• Common Indication


Background-Internal Jugular Venous Anatomy

Use of Ultrasound-Guidance During Central Venous Catheter (CVC) Placement

General Comments

Use of Ultrasound in the Internal Jugular Vein Location

Use of Ultrasound in Subclavian Location

Use of Ultrasound in Femoral Location

Use of Ultrasound in the Setting of Coagulopathy (see Coagulopathy)

Use of Ultrasound in the Subclavian Vein Location

Considerations for Central Venous Catheter (CVC) Placement in the Setting of Coagulopathy (see Coagulopathy)

Types of Coagulopathy

Site Selection in the Setting of Coagulopathy

Preprocedural Correction of Thrombocytopenia/Coagulopathy (see Thrombocytopenia and Coagulopathy)

Use of Ultrasound in the Setting of Coagulopathy

Recommendations for Central Venous Catheters (CVC’s) (CDC Guidelines for the Prevention of Intravascular Catheter-Related Infections 2011) [LINK]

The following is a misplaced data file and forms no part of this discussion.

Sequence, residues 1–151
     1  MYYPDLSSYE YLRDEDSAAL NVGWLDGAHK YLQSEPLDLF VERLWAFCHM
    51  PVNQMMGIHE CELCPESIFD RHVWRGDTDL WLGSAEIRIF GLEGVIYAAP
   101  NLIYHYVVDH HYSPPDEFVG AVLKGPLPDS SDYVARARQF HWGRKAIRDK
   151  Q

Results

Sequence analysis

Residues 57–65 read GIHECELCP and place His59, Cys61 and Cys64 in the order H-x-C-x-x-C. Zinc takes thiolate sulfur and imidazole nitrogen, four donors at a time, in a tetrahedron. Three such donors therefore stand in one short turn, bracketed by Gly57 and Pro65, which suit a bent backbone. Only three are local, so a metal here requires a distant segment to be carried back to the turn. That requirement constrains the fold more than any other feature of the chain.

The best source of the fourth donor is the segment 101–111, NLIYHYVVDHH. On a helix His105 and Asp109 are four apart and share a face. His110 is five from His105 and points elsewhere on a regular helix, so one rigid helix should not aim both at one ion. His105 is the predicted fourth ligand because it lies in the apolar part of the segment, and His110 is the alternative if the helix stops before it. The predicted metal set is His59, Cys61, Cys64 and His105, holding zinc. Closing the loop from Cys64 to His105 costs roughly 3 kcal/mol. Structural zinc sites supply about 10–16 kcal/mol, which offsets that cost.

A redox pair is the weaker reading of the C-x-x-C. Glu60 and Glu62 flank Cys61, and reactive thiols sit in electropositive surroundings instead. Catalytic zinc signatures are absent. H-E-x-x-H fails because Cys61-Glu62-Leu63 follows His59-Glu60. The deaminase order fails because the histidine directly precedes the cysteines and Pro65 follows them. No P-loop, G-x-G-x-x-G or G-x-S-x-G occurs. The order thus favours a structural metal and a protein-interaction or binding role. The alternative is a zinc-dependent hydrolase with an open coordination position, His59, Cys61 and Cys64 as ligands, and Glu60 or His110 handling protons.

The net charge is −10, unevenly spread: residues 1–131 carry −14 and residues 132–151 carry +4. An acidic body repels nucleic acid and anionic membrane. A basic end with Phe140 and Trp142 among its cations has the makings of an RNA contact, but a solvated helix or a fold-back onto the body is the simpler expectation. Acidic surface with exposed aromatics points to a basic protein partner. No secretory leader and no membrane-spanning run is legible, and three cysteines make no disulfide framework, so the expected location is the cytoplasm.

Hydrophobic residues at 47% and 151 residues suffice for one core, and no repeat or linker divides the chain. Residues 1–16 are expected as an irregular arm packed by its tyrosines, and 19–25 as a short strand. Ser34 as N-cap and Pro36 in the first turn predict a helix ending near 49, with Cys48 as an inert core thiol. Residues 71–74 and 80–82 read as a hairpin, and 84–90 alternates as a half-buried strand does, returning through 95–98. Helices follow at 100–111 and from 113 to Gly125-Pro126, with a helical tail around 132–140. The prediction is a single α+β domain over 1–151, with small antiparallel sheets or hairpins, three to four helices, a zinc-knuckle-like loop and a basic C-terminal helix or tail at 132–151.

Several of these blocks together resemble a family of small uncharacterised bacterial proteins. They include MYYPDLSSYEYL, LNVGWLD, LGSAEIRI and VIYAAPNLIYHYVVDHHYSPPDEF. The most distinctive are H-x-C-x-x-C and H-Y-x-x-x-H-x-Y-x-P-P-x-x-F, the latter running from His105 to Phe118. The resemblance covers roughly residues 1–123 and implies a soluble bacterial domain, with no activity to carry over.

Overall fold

Recommendations (American Society of Diagnostic and Interventional Nephrology, Clinical Practice Committee and the Association for Vascular Access, 2008) (Semin Dial, 2008) [MEDLINE]

Adverse Effects/Complications

Mechanical Complications Associated with Central Venous Catheter (CVC) Insertion

General Comments

Types of Mechanical Complications

Air Embolism (see Air Embolism)

Central Venous Catheter (CVC) Infection (Including Central Line-Associated Bloodstream Infection, CLABSI)


Risk Factors for Central Venous Catheter Infection

Microbiology of Central Venous Catheter (CVC) Infection

Factors Which Decrease Bacterial Colonization of Central Venous Catheter (CVC)

Prevention of Central Venous Catheter (CVC) Infection

Impact/Prognosis of Central Venous Catheter (CVC) Infection

Factors influencing Management of Suspected Central Venous Catheter (CVC) Infection

Techniques to Manage Suspected Central Venous Catheter (CVC) Infection

Deep Venous Thrombosis (DVT) (see Deep Venous Thrombosis)

Types of Deep Venous Thrombosis (DVT)

Clinical Data

Septic Embolism to Lungs (see Septic Embolism)

Venous Stenosis (see Central Vein Stenosis)

Clinical Data




Vasopressor Administration


Adverse Effects/Complications